A more economically rational route along the coast seemed to those politicians a giveaway to Silicon Valley moguls and their Hollywood peers. But set aside the issue of jump-starting rail use. Note that the choice of a longer route with more stops has probably doomed the high-speed train to being uncompetitive with flying between big cities. Indeed, the French national railroad company SNCF, which had been managing construction early on, gave up and turned to a high-speed rail project in Morocco where elitism was apparently not a four-letter-word. The train route along the dense corridor from Tangier to Rabat to Casablanca was ready for customers in 2018.

How Big Things Get Done is such a rare combination of impressive data-mining, social psychology insights, and plain old common sense that you’ll be inclined to accept the book as the last word. It is, indeed, indispensable reading for businesses and government agencies contemplating giant investments. But it is not the full story.

Second, some megaprojects are so advanced that conservative Pixar methods are of limited use, and yet may still be rational gambles. Flyvbjerg and Gardner observe scornfully that the James Webb Space Telescope took 19 years to build rather than the projected 12, and that its final cost was $8.8 billion, “an astronomical figure 45 percent over budget.”

To the authors, this excess illustrates the pitfall of the rush to commitment before a careful assessment of the hurdles that must be surmounted at each phase of the project. There was, indeed, a significant chance that the billions poured into a huge telescope slated to orbit the sun rather than the earth would prove to have been spent in vain. After all, the Superconducting Super Collider (SSC) particle accelerator in Texas, a pet project of President Ronald Reagan (who urged physicists to be “bold and greedy”!) was abandoned by Congress in 1993 after an expenditure exceeding $2 billion.

But does the failure mean that SSC should never have been authorized? From the project developers’ perspective, it would, of course, have been better not to start than to leave the particle accelerator unfinished and useless. However, there could never be true certainty about the outcome before the fact. And the potential prize was enormous: the SSC could have greatly accelerated progress in particle physics, as well as assuring U.S preeminence in the field for decades to come.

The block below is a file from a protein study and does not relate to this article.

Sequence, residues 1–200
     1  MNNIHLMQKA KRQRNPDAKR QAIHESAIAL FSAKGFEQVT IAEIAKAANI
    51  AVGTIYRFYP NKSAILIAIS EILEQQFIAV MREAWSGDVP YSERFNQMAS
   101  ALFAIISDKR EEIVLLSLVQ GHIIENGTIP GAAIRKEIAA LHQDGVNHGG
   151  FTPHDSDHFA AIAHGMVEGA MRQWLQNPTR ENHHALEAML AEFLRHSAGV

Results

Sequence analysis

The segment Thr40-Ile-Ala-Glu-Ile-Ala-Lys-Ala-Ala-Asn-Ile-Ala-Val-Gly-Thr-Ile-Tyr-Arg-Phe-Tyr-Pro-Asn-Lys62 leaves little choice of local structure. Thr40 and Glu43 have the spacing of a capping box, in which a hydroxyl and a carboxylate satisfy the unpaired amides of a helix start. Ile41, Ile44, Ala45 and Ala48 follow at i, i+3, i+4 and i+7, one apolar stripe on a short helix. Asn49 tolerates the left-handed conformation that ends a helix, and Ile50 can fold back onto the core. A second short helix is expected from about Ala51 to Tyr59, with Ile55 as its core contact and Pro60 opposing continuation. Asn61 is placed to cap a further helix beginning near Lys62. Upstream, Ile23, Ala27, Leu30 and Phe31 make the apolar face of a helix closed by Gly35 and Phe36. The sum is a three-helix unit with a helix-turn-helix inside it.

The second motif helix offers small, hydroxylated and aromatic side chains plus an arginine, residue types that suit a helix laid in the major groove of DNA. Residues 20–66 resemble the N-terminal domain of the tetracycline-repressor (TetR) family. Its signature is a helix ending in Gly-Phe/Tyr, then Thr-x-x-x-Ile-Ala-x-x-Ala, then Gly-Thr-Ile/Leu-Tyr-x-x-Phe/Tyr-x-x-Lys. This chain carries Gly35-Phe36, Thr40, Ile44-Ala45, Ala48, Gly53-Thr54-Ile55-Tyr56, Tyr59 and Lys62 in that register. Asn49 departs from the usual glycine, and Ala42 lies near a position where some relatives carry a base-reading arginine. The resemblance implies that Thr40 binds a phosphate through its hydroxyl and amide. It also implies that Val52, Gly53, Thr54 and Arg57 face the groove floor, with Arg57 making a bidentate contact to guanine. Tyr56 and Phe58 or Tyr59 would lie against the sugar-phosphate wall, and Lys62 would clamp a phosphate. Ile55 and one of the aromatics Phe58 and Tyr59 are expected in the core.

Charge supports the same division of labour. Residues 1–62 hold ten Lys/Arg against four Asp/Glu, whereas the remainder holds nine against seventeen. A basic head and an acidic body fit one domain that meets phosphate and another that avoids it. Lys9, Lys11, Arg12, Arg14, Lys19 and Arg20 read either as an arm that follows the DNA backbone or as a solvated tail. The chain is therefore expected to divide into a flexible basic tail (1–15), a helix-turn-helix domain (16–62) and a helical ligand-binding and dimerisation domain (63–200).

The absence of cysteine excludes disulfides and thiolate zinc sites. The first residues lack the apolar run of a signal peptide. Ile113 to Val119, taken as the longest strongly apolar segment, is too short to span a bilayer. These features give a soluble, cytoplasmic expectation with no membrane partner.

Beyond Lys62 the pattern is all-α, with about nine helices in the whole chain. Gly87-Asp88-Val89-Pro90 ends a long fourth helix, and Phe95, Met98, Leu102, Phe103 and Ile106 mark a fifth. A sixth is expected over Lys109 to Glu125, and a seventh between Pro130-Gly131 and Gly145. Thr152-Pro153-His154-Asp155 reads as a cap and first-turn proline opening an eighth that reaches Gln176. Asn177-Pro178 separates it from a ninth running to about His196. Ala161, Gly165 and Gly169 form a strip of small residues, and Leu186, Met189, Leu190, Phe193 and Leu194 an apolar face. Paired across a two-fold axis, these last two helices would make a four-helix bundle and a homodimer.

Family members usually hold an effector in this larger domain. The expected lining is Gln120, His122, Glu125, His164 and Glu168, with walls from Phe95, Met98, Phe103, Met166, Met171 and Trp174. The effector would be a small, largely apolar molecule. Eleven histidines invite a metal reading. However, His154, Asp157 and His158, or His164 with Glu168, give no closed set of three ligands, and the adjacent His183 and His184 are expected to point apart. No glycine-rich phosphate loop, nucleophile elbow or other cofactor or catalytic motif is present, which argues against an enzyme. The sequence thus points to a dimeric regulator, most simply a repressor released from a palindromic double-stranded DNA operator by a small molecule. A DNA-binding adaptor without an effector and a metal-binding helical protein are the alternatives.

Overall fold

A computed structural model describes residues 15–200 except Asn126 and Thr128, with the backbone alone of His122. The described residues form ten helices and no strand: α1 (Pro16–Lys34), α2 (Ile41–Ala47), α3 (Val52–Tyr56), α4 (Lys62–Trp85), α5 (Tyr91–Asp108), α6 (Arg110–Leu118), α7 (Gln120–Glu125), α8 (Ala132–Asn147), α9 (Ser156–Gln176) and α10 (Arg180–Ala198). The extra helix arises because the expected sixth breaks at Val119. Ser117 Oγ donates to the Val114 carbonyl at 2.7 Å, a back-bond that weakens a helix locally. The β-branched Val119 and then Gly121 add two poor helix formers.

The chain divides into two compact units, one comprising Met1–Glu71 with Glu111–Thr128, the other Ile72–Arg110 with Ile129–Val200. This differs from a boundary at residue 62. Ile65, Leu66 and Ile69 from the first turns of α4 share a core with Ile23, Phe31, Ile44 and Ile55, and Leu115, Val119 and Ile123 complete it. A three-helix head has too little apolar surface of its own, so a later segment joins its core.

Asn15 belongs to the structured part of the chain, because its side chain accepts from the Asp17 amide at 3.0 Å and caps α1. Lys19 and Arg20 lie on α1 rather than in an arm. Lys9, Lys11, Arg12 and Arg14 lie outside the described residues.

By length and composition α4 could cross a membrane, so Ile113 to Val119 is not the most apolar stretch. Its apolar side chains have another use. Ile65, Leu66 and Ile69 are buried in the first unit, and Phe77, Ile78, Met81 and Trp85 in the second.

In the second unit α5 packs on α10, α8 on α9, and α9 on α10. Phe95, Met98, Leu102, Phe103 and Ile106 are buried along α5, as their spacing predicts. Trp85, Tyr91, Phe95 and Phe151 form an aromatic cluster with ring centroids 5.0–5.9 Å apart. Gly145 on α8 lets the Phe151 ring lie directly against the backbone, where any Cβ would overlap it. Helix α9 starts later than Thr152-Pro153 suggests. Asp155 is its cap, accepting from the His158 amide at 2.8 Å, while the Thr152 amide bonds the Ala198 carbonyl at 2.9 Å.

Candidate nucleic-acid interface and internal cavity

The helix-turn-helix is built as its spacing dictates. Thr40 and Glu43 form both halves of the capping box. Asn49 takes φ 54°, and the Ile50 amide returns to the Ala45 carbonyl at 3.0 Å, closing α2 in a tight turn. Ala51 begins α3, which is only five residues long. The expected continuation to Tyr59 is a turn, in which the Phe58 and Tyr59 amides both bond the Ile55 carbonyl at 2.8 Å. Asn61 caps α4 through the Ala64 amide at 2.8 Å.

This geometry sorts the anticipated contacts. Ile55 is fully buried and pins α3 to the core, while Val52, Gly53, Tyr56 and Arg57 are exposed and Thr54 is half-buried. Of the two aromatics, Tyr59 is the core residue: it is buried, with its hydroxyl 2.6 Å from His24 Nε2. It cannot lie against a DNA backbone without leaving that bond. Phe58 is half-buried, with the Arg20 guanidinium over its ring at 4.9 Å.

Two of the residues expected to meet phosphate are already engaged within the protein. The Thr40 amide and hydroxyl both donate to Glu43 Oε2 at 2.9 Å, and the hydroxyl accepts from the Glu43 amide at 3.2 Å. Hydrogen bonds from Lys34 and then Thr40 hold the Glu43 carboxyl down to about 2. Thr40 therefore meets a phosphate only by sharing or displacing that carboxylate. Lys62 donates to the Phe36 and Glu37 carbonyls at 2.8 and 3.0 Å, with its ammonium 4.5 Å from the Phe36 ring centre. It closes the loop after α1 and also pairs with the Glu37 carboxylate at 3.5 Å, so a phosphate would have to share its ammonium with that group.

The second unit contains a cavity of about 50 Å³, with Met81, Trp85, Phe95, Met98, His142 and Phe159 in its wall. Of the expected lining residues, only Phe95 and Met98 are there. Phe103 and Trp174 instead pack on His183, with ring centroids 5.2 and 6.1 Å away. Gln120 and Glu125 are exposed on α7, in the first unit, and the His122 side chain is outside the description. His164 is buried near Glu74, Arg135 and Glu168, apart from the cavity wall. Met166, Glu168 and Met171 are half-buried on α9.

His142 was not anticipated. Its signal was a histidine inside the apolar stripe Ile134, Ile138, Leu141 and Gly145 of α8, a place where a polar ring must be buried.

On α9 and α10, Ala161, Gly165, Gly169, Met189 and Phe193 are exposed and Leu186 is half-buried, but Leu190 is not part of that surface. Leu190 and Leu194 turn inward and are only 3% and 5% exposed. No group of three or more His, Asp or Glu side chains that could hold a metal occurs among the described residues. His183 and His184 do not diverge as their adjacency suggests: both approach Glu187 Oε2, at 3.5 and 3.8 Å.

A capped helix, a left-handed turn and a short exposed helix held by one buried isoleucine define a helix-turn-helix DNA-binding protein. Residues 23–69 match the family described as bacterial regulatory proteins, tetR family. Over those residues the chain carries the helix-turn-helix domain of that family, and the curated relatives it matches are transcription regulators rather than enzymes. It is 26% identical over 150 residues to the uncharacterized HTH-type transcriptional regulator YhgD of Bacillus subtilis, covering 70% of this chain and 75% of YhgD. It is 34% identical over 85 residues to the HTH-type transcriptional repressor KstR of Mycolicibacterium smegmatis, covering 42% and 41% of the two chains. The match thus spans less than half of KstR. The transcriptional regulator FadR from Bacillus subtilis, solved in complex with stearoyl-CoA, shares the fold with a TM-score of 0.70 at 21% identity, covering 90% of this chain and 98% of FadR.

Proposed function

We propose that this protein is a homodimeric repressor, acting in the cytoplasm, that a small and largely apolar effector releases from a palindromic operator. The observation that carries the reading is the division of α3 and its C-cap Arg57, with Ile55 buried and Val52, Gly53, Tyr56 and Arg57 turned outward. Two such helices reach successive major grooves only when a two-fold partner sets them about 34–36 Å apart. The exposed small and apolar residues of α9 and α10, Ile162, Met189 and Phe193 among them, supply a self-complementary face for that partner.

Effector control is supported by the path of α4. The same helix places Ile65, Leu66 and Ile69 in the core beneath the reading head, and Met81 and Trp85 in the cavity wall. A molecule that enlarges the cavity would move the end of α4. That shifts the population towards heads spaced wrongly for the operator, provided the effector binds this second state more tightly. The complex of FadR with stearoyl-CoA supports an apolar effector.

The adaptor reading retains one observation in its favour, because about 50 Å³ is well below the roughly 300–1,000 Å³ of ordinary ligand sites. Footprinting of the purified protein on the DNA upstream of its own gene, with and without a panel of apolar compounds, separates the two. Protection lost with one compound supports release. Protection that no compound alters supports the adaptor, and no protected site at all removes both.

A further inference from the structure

Actually, the failure to complete the project may have had further unfortunate consequences. It triggered a diaspora — half the technical staff left physics. And, if you’re willing to play this sort of game, one can also glimpse the origins of the Great Recession in the earlier collapse of SSC. Many of those exiled physicists, after all, became part of the nucleus of “quants,” the nerds who led Wall Street down the yellow brick road of higher mathematics to the ruin of the mortgage industry.

But back to the Webb Space Telescope. In identifying the project as a poster child of Big Project disease, Flyvbjerg and Gardner implicitly take on the burden of explaining how their template for efficient development would have brought the telescope online more quickly or for less money. And I doubt that would have been possible. There is no modular way to build a space telescope — or for that matter, a particle accelerator ring with a 54-mile circumference.

In any event, the fact that extra billions were spent to get Webb ready for prime time hardly means the project is a white elephant. According to Scientific American, “[t]he most powerful observatory ever made promises to produce some of the most incredible discoveries of our lifetime and beyond.”

The criteria laid down by Flyvbjerg and Gardner might have ruled out some of the greatest technological achievements of the past two centuries, including the first transatlantic telegraph cable and the Panama Canal. The canal was only built after the bankruptcy of the original French developer. Hard-charging, intuitive President Theodore Roosevelt subsequently overrode a blue-ribbon engineering committee’s recommendation of a sea-level canal in favor of the present lock canal, one of the most socially valuable (and profitable) public works ever. Sometimes an emotional vision of the future pays off big.

Third, even with the use of all the rational planning techniques the authors lay out, it may be impossible to avoid the aforementioned fat tail. Consider the status of the major project on which Flyvbjerg is serving as an advisor: a high-speed train linking London with the north of England. Now 40 percent complete, cost estimates have increased from £33 billion to £71 billion (approximately $86 billion). According to The Guardian, the government is now planning to reduce the frequency and speed of services and may delay completion of the project — as though inflated costs of materials and labor may drop again soon.

This is the point at which a cliché about glass houses and throwing stones might be warranted. But I’m inclined to be more charitable: the overrun might have been far worse without his team’s recommendations. Welcome to the club, Professor Flyvbjerg!

main topic: Books